Of course, nobody wants to publish the work of an eight year old, even one as amazingly gifted as myself. And so I had a long wait, biding my time and doing my best to interact with the slower children in school, while unsuccessfully sending my manuscripts off to agents and publishers. I began attending every writer’s and publisher’s convention I could find, discovering my peers and my competitors, and intricately plotting their deaths.

At the age of nineteen, following a year in the mountains of Tibet—learning the ancient Shavukinasa Walakali meditation technique known only to a few monks high in the Himalayas—I returned to the United States and moved to New York City, determined to at last break into the writing industry.

I submitted my manuscripts. I was rejected. And I submitted. And was rejected. It was a low point in my life. There I was, alone in a studio apartment with my genius and my typewriter. (Yes I know most normal people use computers, but I am not a normal person. I am an Author, and only that firm analogue input, the indescribably feeling of my finger depressing a mechanical lever, pushing an ink-slicked stamp to leave an indelible mark on high-quality bond typing paper, can truly capture my artistic inspiration.)

I took drifts and piles of rejection slips and built things with them. A couch. A desk. A friend. But I was never deterred. Never once did I question the purity of my purpose, of my destiny. As the Foundling Wizard Prince was destined to become the king of the Dragon Elves, so too was I destined to become a bestselling YA fantasy author.

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LeConnard never gave up on his Dragon Elf Wizard Prince dreams.

Still, I submitted. Still, I was rejected. In my free time, I stalked and murdered my competitors. I obtained work as a waiter at restaurants and cafes frequented by professionals in the publishing industry. (merely to further my literary goals, I assure you. I wouldn’t presume to debase myself by working such jobs merely for money, merely to pay the rent on my shoebox apartment.) I learned their names. I flattered and cajoled, making them the objects of my considerable charm. I casually mentioned my books. I “accidentally” left manuscripts at their tables. I offered sexual favors. All to no avail.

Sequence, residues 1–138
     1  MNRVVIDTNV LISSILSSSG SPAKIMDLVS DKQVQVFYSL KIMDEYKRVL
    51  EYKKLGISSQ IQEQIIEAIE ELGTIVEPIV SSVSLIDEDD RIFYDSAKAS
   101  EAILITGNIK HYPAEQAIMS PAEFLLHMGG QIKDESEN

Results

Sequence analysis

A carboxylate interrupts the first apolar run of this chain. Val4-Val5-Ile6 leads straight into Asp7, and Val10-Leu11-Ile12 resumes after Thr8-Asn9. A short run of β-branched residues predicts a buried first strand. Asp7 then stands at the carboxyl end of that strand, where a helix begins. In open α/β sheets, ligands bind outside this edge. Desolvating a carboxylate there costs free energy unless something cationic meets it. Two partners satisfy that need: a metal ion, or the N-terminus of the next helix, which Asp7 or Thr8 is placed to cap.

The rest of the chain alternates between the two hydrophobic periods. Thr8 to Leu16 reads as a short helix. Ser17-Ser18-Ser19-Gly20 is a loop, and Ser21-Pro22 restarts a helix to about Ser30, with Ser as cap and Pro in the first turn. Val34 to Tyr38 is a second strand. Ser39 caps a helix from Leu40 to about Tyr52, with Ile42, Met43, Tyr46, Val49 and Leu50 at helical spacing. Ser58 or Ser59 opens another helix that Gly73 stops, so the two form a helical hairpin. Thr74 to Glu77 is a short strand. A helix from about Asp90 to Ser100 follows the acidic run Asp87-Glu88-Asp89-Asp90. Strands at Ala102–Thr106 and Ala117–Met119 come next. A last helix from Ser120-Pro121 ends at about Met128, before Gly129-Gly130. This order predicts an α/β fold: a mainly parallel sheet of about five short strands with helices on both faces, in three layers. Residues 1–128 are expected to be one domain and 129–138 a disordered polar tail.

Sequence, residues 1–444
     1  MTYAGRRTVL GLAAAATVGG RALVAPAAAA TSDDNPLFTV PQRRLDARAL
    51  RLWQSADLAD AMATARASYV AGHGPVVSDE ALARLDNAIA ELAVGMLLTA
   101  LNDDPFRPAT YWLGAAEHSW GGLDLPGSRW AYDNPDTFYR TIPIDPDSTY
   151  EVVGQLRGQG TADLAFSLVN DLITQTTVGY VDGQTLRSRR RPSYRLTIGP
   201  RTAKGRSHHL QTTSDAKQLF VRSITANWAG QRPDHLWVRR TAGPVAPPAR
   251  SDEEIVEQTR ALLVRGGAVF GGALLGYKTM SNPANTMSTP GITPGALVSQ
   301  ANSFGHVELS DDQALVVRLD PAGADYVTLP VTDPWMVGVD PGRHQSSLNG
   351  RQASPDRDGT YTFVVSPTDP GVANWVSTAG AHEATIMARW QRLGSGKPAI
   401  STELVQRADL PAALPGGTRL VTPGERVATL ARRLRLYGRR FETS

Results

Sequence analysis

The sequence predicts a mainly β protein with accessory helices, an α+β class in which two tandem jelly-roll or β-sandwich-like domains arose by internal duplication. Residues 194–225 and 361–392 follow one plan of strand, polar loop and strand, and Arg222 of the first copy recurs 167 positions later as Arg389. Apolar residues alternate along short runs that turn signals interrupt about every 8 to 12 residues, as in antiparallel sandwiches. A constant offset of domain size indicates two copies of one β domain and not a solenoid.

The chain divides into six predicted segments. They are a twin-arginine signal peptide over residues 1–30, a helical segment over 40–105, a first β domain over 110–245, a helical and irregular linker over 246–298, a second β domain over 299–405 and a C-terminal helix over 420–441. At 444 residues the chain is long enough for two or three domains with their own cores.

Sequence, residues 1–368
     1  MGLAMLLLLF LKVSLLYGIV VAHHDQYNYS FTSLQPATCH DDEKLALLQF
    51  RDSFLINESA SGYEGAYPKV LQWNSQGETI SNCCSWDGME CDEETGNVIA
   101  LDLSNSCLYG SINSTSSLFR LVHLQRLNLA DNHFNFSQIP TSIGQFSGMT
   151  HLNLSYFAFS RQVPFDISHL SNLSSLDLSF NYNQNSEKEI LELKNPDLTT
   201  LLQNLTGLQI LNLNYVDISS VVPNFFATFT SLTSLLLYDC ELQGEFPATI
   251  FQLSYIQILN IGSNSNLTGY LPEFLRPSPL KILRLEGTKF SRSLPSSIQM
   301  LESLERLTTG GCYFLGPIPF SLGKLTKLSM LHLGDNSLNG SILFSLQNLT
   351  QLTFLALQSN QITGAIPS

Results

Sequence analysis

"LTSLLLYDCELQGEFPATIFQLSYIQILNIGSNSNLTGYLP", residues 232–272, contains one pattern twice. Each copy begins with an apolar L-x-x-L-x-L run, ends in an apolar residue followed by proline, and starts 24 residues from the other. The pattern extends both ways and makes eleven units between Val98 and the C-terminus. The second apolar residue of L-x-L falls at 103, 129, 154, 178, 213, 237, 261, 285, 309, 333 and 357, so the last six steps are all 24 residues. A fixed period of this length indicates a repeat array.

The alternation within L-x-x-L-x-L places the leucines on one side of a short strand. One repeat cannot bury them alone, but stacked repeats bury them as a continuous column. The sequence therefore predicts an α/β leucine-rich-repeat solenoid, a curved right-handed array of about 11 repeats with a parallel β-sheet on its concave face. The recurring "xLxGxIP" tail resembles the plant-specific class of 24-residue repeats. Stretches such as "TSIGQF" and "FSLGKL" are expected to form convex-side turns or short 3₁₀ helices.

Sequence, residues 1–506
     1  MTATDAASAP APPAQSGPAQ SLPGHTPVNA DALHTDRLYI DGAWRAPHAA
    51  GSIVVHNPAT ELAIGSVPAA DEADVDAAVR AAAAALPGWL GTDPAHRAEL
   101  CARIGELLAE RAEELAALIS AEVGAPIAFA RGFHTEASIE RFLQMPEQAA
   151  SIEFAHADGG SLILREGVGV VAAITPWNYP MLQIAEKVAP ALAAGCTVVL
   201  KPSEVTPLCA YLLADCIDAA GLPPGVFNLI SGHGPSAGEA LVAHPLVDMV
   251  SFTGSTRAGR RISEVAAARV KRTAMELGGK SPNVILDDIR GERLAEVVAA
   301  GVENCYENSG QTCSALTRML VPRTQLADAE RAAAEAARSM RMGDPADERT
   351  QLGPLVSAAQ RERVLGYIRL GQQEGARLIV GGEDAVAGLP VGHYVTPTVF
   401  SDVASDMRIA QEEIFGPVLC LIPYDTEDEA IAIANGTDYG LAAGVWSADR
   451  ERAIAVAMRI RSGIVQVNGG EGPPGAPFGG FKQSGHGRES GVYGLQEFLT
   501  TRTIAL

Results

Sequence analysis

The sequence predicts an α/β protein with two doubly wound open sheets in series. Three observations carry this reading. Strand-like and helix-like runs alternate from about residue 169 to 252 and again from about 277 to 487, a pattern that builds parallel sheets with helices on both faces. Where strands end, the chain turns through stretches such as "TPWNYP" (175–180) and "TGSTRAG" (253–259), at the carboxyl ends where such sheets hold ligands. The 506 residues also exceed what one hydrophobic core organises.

And so I devised a plan. Prior to a publisher’s conference, I infiltrated the hotel by pretending to be a bellhop. I was able to obtain a copy of the conference itinerary. Particularly of interest to me was a private luncheon, at which executives from all of the big five publishers would be in attendance.

On the day of the conference, clad all in black, with a ski mask over my face, I leaped from an adjacent rooftop to the roof of the Marriott Hotel, then rappelled down the side to a service entrance. I stripped off my black clothes, revealing a housekeeping uniform underneath.

I made my way, undetected, into the hotel. The conference was in full swing. My peers and competitors, those I hadn’t murdered or otherwise ruined, were milling around the conference floor, unaware that I was about to soar right over their heads to limitless literary success.

Because I couldn’t decide which of my brilliant plans I wanted to use, I then karate-chopped a UPS deliveryman in the neck and stole his uniform, dressing in his brown shirt and shorts, leaving him unconscious in a laundry cart.

I approached the conference room, casually nodding to the the security guards as I passed, a brown cardboard package in my arms.

I knocked on the door. They opened. “Delivery for Robert Dibbler,” I said.

They let me in.

At that point I slammed the door shut and jammed it with a chair. Either I’d get that contract or they’d all burn with me.

I stripped off the UPS uniform. underneath, I wore a handmade costume, depicting Ka’reth Muldgwanado, the Foundling Dragon Prince protagonist of my works. “Chalago Kal!” I screamed, which is the traditional greeting of the Dragon Elves. I set off a smoke bomb and shot roman candles from my sleeves, in imitation of Dragon Elf magick, and flung copies of my manuscript about the room, one of them striking the president of Simon and Schuster squarely in the face.